What are spark plugs?
Spark plugs are an essential disposable component in your gasoline engine that creates a spark to combust the fuel and oxygen mixture in the cylinder of your engine in order to move the pistons. Some spark plugs are rated for 100,000 miles (160,000 km), which is fairly unrealistic. I would follow your vehicle's owner manual's guidelines for replacing and inspection of your spark plugs, regardless of if you have these extended life spark plugs in your vehicle. I personally recommend checking the gap on your spark plugs every 30,000 miles (50,000 km)
So there are six tell-tale signs of failing spark plugs:
The engine's idle is rough-
When your car is stationary, your engine should normally idle at around 1000 rpm warm, and give a nice smooth consistent sound.
You are having trouble starting your car-
So if you're not out of fuel, and your battery is perfectly fine, but you can't start your engine, you may have some bad spark plugs, and they are not producing the spark you need to move the engine.
Your engine misfires-
You can tell that your engine has misfired if the engine halts for a fraction of a second and then continues its usual movement.
The engine surges-
When the engine surges, it may cause your vehicle to jerk and then slow down. Or it may cause the vehicle to have a rough stop, because it is sucking in more air than usual in the combustion process.
Your fuel consumption has increased-
Sometimes if your spark plugs have deteriorated, you may notice that your fuel consumption has increased by up to 30% because of the incomplete combustions, it takes more fuel to push the pistons.
Your car lacks acceleration-
It's pretty easy to tell if your car lacks acceleration if you have been driving it for a while. It doesn't respond to the accelerator when you put your foot down, as it used to, or it takes a little bit longer to get the speed up.
So if you see one of these tell-tale signs of failing spark plugs, you may want to get them changed.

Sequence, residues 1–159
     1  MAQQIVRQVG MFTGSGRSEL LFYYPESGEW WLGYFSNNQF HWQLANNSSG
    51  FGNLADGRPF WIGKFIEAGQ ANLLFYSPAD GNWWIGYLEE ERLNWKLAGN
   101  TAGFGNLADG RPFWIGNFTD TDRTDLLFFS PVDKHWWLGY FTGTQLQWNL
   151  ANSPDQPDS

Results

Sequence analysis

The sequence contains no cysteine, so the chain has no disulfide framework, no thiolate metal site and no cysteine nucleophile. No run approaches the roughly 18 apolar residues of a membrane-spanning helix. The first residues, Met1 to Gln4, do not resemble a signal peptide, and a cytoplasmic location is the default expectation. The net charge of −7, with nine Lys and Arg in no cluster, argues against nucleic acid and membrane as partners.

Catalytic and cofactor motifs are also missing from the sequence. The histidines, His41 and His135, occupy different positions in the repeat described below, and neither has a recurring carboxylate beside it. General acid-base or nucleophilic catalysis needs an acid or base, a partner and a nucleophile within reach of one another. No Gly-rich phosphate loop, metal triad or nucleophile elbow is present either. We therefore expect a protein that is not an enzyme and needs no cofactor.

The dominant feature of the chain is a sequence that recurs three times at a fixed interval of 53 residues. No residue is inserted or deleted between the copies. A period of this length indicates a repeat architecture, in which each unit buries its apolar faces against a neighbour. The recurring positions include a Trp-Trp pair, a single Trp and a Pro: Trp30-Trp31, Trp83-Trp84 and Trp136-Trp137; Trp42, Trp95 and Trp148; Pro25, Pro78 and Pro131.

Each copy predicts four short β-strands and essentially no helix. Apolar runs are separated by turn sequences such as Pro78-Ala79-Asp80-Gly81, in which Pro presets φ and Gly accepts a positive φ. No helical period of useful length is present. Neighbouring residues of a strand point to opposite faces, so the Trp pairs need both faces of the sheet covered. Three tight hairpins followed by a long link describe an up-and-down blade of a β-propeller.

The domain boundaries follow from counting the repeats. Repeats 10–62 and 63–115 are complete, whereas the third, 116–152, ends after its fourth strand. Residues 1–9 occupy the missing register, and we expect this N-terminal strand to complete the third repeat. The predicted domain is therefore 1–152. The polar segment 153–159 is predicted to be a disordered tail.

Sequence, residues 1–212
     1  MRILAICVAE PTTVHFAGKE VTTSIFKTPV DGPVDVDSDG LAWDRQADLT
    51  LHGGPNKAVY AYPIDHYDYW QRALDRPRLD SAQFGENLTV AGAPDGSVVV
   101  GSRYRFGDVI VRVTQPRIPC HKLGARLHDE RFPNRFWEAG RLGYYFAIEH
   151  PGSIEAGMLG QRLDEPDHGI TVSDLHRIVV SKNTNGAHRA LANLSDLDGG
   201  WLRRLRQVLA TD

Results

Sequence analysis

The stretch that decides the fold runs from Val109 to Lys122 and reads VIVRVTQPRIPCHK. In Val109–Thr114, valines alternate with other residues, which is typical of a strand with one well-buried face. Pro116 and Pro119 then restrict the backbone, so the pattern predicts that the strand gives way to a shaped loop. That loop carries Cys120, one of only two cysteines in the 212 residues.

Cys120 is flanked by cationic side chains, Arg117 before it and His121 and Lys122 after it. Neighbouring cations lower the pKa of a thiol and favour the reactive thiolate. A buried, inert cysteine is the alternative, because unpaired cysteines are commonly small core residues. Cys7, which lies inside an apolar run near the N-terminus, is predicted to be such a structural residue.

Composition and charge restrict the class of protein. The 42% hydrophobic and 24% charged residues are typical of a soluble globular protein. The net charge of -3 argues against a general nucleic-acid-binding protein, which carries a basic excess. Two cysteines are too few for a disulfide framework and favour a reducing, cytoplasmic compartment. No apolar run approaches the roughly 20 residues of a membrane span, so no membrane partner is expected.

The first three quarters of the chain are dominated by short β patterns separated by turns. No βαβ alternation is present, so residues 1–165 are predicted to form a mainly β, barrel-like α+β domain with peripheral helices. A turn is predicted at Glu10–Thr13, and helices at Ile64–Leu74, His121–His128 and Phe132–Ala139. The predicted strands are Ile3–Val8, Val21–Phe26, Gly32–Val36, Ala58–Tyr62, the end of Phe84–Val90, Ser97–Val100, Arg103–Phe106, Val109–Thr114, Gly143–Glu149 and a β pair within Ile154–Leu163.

But how do you change spark plugs? It's quite easy, depending on the type of engine you have. Most of the time with a 4 cylinder engine, you will have easy access to the spark plugs, but if you have a V6, you may want to take your car to a professional if you can't access your spark plugs, or you are uncomfortable with removing parts to get access to the spark plugs.
- socket and ratchet set
- Needle-nose pliers
- Spark plug gap gauge
- Spark plugs
- Anti-seize compound
Once you have gathered your tools and materials you can start replacing your spark plugs.
- Locate your spark plugs. There should be 4 to 8 spark plugs in your engine.
- Remove the first distributer cap, and only remove one. Your car ignites the spark plugs in a specific order, and mixing the order could be devastating to the engine.
- Using the spark plug socket, remove the first spark plug.
- Check the new spark plug's gap, and if it is too wide, hit the end on a hard surface, if it is too narrow, widen it with the spark plug gap gauge.
- Lubricate the spark plug with anti-seize compound, and install the new spark plug, torqueing to specification.
- Lubricate the end of the distributer cap with the anti-seize compound, and replace over the spark plug.
- Repeat for the remaining spark plugs.
And you are done. Turn your car on, and make sure everything is ok. If you didn't listen at step 2, when we are only removing one spark plug at a time, you may run into some problems.
And drive awayin your car from Japan!